Art and Architecture, Courtauld Institute of Art | More than 40,000 images and a network of over half a million links.
Great Buildings Collection | More than 800 great buildings from around the world and across history are listed below and illustrated at this web with photographic images, architectural drawings, discussion, bibliography, architect info, and live 3D walkthrough computer models.
ArchNET Digital Library | Online community for architects, planners, urban designers, interior designers, landscape architects, and scholars, with a special focus on the Islamic world.
Metropolitan Museum of Art
Museum of Modern Art, New York
Art Institute of Chicago
Los Angeles Museum of Art
Los Angeles Museum of Contemporary Art
San Francisco Museum of Modern Art
Nelson Atkins Museum of Art
You will find excellent library facilities available at the University of Arizona. The Main Library contains an art book collection consisting of approximately 120,000 volumes and 200 current art journal subscriptions in an overall library collection of approximately 7 million titles. Supporting collections include extensive holdings in facsimile editions and original rare books and manuscripts in Special Collections. New databases and services are added continually to the extremely user-friendly, state-of-the-art system, including internal and external subject searches, access to the catalogs of other university libraries and to a wide range of databases, and to new computerized research tools on a world-wide basis, including Worldcat. An efficient Interlibrary Loan Department makes available materials not in the libraries of the University of Arizona from other national and international collections.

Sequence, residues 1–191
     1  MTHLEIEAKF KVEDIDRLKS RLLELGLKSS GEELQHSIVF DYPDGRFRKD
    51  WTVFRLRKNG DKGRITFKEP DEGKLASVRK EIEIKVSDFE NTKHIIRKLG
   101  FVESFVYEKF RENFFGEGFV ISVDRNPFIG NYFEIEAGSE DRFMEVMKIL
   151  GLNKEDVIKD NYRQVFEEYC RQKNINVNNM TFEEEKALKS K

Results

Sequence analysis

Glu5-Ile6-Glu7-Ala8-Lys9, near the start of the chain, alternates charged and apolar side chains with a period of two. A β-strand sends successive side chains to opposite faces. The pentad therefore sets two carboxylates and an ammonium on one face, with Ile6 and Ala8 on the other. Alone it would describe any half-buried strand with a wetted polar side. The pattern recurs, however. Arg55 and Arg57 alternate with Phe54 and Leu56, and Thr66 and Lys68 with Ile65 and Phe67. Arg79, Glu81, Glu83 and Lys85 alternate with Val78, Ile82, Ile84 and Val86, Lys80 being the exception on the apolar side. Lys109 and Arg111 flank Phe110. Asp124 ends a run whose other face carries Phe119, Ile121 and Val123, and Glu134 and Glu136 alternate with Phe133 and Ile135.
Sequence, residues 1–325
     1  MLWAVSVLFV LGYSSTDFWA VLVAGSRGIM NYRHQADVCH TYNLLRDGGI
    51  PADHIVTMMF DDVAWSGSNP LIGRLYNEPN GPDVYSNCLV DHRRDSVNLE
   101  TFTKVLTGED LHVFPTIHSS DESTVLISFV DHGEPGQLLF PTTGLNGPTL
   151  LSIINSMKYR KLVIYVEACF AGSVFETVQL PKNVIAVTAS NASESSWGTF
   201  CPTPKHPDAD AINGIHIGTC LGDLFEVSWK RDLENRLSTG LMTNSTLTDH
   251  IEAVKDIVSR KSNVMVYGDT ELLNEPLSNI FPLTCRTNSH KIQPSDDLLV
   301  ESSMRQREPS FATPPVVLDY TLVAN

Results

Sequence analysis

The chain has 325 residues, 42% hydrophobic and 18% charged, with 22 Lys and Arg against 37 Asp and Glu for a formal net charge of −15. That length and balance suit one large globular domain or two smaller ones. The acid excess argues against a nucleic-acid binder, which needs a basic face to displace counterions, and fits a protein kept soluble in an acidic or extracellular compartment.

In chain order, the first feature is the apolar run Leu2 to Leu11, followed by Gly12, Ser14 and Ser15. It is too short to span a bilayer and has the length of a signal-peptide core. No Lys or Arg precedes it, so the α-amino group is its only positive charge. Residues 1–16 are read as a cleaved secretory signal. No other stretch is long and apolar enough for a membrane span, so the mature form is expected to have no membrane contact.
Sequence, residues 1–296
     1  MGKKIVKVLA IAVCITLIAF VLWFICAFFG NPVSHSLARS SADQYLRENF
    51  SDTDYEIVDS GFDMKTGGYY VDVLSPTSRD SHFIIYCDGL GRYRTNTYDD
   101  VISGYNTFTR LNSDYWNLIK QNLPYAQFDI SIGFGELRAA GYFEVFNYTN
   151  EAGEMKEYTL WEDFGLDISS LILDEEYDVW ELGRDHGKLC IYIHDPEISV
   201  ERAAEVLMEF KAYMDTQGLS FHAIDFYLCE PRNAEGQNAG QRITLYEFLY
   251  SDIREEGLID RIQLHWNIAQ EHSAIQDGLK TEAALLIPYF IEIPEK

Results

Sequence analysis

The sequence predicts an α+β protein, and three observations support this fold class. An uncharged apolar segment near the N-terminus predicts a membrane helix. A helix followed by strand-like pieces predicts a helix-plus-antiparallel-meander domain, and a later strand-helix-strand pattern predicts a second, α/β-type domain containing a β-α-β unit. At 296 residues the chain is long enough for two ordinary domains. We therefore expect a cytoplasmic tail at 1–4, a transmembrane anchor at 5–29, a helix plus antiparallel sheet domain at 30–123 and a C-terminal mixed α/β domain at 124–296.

In addition, you can take advantage of the Science-Engineering and Fine Arts Libraries, the former of which houses 20,000 titles and 120 periodicals concerning architectural design, history and theory, graphic communication, history of photography and building technology. The Center for Creative Photography houses works by over 100 famous twentieth-century photographers in its internationally known archival collection of photographs. The Southwest Folklore Center houses tapes and manuscript archives of Southwest music and folklore. The Arizona State Museum, in the center of campus, specializes in prehistoric, prehispanic, and recent Indian cultures of the Southwest and includes the Pal Kelemen Spanish Colonial Art Collection. Its 30,000-volume library specializes in the archaeology and ethnology of the Southwest.